Usual Weekly Earnings Summary

For release 10:00 a.m. (EDT) Friday, April 13, 2018                    USDL-18-0546

Technical information:  (202) 691-6378  *  *
Media contact:          (202) 691-5902  *

      	                 FIRST QUARTER 2018

Median weekly earnings of the nation's 113.4 million full-time wage and salary 
workers were $881 in the first quarter of 2018 (not seasonally adjusted), the U.S. 
Bureau of Labor Statistics reported today. This was 1.8 percent higher than a year 
earlier, compared with a gain of 2.2 percent in the Consumer Price Index for All 
Urban Consumers (CPI-U) over the same period.

Data on usual weekly earnings are collected as part of the Current Population 
Survey, a nationwide sample survey of households in which respondents are asked, 
among other things, how much each wage and salary worker usually earns. (See the 
Technical Note in this news release.) Data shown in this news release are not
seasonally adjusted unless otherwise specified.

Highlights from the first-quarter data:

  --Median weekly earnings of full-time workers were $881 in the first quarter 
    of 2018. Women had median weekly earnings of $783, or 81.1 percent of the 
    $965 median for men. (See table 2.)

  --The women's-to-men's earnings ratio varied by race and ethnicity. White women 
    earned 81.2 percent as much as their male counterparts, compared with Black 
    women (92.8 percent), Asian women (78.5 percent), and Hispanic women (85.1 
    percent). (See table 2.)

  --Among the major race and ethnicity groups, median weekly earnings for Black 
    men working at full-time jobs were $723, or 72.5 percent of the median for 
    White men ($997). The difference was less among women, as Black women's median 
    earnings ($671) were 82.8 percent of those for White women ($810). Overall, 
    median earnings of Hispanics ($675) and Blacks ($696) were lower than those of 
    Whites ($911) and Asians ($1,066). (See table 2.)

  --By age, median weekly earnings were highest for men age 35 to 64: weekly 
    earnings were $1,098 for men age 35 to 44, $1,150 for men age 45 to 54, and 
    $1,113 for men age 55 to 64 in the first quarter of 2018. For women, those 
    ages 35 to 44 and 45 to 54 had the highest median weekly earnings, at $880 
    and $878, respectively. Men and women age 16 to 24 had the lowest median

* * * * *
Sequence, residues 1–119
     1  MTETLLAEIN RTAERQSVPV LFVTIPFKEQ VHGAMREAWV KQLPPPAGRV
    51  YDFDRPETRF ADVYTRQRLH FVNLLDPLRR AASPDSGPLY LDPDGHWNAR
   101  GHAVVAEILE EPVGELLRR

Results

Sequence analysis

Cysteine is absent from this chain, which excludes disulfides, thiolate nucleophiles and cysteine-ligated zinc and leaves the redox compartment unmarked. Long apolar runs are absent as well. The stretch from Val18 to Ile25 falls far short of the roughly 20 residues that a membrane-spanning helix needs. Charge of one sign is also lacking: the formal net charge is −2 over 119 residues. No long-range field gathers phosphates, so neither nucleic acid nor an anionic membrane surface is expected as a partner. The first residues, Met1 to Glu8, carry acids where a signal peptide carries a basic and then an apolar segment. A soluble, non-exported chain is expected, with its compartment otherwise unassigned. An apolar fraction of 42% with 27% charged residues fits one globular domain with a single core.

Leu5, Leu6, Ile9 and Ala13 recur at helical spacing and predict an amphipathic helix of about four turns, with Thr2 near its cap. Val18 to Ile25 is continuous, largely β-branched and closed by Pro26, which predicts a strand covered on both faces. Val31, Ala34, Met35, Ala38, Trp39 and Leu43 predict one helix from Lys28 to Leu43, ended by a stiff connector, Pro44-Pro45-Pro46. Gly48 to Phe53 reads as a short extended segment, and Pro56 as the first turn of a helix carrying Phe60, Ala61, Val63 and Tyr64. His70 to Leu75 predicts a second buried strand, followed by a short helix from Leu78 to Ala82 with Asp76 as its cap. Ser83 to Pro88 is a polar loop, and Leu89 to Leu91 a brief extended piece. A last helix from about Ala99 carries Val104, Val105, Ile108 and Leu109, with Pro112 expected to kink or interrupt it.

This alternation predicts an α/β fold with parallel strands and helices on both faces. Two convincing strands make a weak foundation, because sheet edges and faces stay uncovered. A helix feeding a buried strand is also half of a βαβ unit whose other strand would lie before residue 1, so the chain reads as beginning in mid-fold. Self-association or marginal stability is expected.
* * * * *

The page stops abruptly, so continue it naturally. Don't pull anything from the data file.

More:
weekly earnings, $563 and $545, respectively. (See table 3.)

  --Among the major occupational groups, persons employed full time in management, 
    professional, and related occupations had the highest median weekly earnings--
    $1,454 for men and $1,054 for women. Men and women employed in service jobs 
    earned the least, $641 and $504, respectively. (See table 4.)

  --By educational attainment, full-time workers age 25 and over without a high 
    school diploma had median weekly earnings of $563, compared with $713 for high 
    school graduates (no college) and $1,286 for those holding at least a bachelor's 
    degree. Among college graduates with advanced degrees (master's or professional 
    degree and above), the highest earning 10 percent of male workers made $3,894 
    or more per week, compared with $2,875 or more for their female counterparts. 
    (See table 5.)

  --Seasonally adjusted median weekly earnings were $873 in the first quarter of 
    2018, up from the previous quarter ($854). (See table 1.)

  |                                                                                   |
  |             Revision of Seasonally Adjusted Usual Weekly Earnings Data            |
  |                                                                                   |
  | Seasonally adjusted data for median usual weekly earnings in constant (1982-84)   |
  | dollars have been updated using revised seasonally adjusted data for the Consumer |
  | Price Index for All Urban Consumers (CPI-U). (Data are shown in table 1 of this   |
  | news release.) Seasonally adjusted constant (1982-84) dollar estimates back to    |
  | the first quarter of 2013 were subject to revision.                               |

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Last Modified Date: April 13, 2018